- Seeing Through Photographs
- Before Photography - Photographic Processes Series - Chapter 1 of 12
- The Daguerreotype - Photographic Processes Series - Chapter 2 of 12
- Talbot's Processes - Photographic Processes Series - Chapter 3 of 12
- The Collodion - Photographic Processes Series - Chapter 5 of 12
- The Albumen Print - Photographic Processes Series - Chapter 6 of 12
- The Platinum Print - Photographic Processes Series - Chapter 7 of 12
- The Pigment Processes - Photographic Processes Series - Chapter 8 of 12
- The Woodburytype - Photographic Processes Series - Chapter 9 of 12
- The Gelatin Silver Process - Photographic Processes Series - Chapter 10 of 12
- An Introduction to Photography in the Early 20th Century
- Color Photography - Photographic Processes Series - Chapter 11 of 12
- Digital Photography - Photographic Processes Series - Chapter 12 of 12
Color photography evolved from black and white through dye sensitizing. Early color images were made by projecting three different colored images. James Clerk Maxwell's color wheel demonstrated additive color mixing. The Lumière brothers invented the autochrome, the first public color process. Chromogenic color photography, invented in the 1930s, became the dominant process in the 20th century.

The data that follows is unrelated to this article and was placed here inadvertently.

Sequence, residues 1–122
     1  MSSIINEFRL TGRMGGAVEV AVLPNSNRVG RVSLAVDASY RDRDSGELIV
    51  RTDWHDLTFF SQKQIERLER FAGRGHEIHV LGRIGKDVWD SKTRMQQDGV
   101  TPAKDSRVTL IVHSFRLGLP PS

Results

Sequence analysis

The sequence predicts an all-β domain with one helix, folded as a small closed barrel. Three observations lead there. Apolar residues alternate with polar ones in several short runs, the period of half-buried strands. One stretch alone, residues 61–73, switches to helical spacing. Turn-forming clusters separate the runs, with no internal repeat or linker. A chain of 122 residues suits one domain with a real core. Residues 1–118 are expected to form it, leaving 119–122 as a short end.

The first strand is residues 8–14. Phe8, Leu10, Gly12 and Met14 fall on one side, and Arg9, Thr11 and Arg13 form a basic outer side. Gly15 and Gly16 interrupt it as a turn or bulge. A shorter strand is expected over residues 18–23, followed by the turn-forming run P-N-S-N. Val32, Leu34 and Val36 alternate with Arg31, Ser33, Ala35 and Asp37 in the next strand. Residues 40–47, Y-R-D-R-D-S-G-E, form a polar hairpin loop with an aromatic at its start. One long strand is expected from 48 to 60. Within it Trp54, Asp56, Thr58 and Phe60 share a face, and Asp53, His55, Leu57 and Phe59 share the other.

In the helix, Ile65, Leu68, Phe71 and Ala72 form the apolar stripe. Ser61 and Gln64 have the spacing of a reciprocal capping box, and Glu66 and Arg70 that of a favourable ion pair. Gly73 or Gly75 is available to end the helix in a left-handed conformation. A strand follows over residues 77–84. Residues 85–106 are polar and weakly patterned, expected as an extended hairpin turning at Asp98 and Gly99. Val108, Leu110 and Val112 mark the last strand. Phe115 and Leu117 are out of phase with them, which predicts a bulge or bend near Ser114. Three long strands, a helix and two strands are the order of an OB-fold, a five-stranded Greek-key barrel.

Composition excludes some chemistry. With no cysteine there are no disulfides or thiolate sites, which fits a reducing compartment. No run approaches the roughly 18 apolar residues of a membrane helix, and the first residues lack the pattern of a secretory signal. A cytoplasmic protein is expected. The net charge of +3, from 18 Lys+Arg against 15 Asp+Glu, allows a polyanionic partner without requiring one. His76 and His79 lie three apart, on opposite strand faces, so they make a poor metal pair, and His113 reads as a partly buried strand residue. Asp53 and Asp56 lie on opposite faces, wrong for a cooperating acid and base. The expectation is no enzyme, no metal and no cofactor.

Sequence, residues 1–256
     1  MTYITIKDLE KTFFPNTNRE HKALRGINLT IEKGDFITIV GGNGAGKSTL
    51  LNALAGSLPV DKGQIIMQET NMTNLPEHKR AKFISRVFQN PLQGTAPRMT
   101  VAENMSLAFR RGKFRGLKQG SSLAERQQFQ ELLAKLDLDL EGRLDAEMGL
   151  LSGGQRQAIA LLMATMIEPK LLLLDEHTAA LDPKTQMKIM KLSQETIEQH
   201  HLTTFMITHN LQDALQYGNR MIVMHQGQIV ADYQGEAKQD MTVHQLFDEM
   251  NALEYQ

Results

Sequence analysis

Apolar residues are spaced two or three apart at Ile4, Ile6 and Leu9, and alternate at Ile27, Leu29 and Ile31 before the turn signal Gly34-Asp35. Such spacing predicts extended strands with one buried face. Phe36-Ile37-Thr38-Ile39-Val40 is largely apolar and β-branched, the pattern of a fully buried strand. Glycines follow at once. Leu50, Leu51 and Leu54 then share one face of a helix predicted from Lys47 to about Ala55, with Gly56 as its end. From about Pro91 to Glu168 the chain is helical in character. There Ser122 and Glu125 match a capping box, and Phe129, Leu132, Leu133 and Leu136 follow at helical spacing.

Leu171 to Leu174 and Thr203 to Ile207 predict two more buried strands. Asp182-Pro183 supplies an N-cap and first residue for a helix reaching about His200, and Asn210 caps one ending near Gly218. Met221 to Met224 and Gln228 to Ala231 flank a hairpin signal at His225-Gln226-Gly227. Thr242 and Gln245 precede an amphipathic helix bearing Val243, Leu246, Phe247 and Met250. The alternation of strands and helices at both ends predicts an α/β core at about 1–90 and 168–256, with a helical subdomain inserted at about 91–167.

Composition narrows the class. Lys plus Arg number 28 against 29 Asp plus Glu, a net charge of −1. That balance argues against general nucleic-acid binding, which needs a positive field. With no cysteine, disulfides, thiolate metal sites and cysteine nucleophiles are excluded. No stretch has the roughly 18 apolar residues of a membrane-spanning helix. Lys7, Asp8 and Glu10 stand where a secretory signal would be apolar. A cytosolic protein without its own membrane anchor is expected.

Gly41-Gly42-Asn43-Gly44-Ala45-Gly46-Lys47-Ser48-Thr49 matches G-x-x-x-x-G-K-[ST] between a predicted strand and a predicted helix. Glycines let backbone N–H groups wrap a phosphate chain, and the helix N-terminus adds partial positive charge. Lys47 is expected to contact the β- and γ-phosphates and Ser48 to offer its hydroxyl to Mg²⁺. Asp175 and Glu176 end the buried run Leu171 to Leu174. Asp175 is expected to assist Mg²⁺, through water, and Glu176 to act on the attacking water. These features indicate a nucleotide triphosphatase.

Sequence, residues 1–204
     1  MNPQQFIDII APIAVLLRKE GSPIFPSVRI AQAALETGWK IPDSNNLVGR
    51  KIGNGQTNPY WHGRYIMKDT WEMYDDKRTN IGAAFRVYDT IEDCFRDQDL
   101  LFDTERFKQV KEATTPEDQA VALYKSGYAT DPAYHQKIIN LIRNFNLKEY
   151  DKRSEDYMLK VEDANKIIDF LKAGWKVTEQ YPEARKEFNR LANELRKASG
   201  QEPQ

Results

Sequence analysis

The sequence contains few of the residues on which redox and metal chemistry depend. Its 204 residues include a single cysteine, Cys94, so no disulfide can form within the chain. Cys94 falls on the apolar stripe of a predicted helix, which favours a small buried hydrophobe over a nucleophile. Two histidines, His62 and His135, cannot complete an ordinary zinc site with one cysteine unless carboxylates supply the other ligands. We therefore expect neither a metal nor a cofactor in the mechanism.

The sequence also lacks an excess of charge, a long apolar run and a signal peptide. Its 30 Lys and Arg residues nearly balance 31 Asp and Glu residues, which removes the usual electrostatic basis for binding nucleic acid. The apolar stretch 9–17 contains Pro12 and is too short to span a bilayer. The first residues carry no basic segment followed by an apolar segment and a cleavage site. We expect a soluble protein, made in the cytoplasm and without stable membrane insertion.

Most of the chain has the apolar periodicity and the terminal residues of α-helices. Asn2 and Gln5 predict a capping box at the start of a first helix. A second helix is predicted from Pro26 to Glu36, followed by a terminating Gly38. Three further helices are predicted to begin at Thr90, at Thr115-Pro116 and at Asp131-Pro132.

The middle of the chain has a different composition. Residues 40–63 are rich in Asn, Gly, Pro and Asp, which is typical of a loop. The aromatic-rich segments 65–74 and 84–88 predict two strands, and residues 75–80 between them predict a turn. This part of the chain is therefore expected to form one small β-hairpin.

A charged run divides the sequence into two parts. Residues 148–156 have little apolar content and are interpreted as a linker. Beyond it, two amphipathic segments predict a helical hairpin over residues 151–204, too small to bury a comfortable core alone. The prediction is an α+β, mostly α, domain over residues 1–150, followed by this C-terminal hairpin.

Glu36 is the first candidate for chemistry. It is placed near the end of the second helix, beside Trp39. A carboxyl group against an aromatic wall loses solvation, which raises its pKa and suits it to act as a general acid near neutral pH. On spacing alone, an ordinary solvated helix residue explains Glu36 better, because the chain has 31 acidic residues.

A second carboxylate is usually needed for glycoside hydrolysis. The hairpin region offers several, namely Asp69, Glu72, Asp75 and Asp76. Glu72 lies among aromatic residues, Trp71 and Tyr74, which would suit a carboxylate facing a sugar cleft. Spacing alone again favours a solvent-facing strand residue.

When color photography comes out people think of it as being very artificial at first. Serious, sincere, authentic images were in black and white. After WWII film for making color prints became available. People’s associations with photography began to transform into color. All silver based photographic processes start off as blue sensitive. Blue and white photograph as the same value. When you look at 19th century landscape photographs, and you wonder why didn’t have any clouds in those days? It’s because the white of the sky and the blue of the sky photograph as the same value. In order to have color film, you must have black and white film that will record all colors. The sensitizing of emulsions was actually done by adding dyes to the liquid emulsion. It is called dye sensitizing. Frederic Ives was instrumental in understanding that black and white film had to be dye sensitized in order to get a record from which you could make color images. It’s really complicated. One of the earliest ways to make a color photograph was to make three negatives of the same scene. From the negatives, make a lantern slide. Now a lantern slide is a positive transparency, a slide. The positive slides were then put into three different projectors. The filter that was used to take that original negative was placed in front of the projector. When you projected these three different colored images upon each other it produced a full color image. Another way of doing an additive color plate is by having a transparency that is made up of either dots or lines, using the red, the violet and the green color. The dots that do the color mixing, they are so fine that you don’t see them as dots. They are so close to each other they do their color mixing virtually, by your eye. In England, James Clerk Maxwell experiments with the perception of color in the 1850’s. He came up with an interesting way to demonstrate additive color mixing. This is Maxwell’s color wheel. It’s an additive color mixing machine. If you look at your iPhone with a loupe, or your television screen, or your computer screen with a loupe, if you get in really close, you will see the same red, violet and green dots or lines. The autochrome was invented by Auguste and Louis Lumière. The first color process that could be manufactured and made available to the public. The Lumière brothers are best known for their invention of the motion picture camera. The autochrome is, like the daguerreotype, a process that produces a single, positive image. A one of a kind image. However, it is a transparency. You have to view it through transmitted light. The autochrome, the Joly plate, these early additive screen plates enabled people to take a picture in their camera with a single plate. That allowed the finished product to be something you hold in your hand hold up to a window, and see a full color image. The other way of making a color photograph is by the subtractive method. Subtractive color processes are done by using magenta, yellow and cyan images, which are layered on top of each other. Chromogenic color photography was invented in the 1930’s. The process that really ushered in this entire movement of color was the Kodachrome process. It really begins with the work of Mannes and Godowski at the Kodak research labs. Chromogenic color prints are made with a gelatin emulsion. It’s based on silver. And there are many layers. When the film or the paper is being developed, each layer releases the dye that it needs on the cyan, yellow or magenta layer. During the processing the silver is actually removed, leaving only the color behind. You end up with a full color picture that is made with light going into the paper or onto the film, simultaneously. It is rocket science. The chromogenic color process becomes the predominant process in the twentieth century, and it is still being used today. But those wheels are starting to slow down Once chromogenic color is gone, we will never, ever, see it happen again. It requires incredible infrastructure. Once it’s gone, it is gone.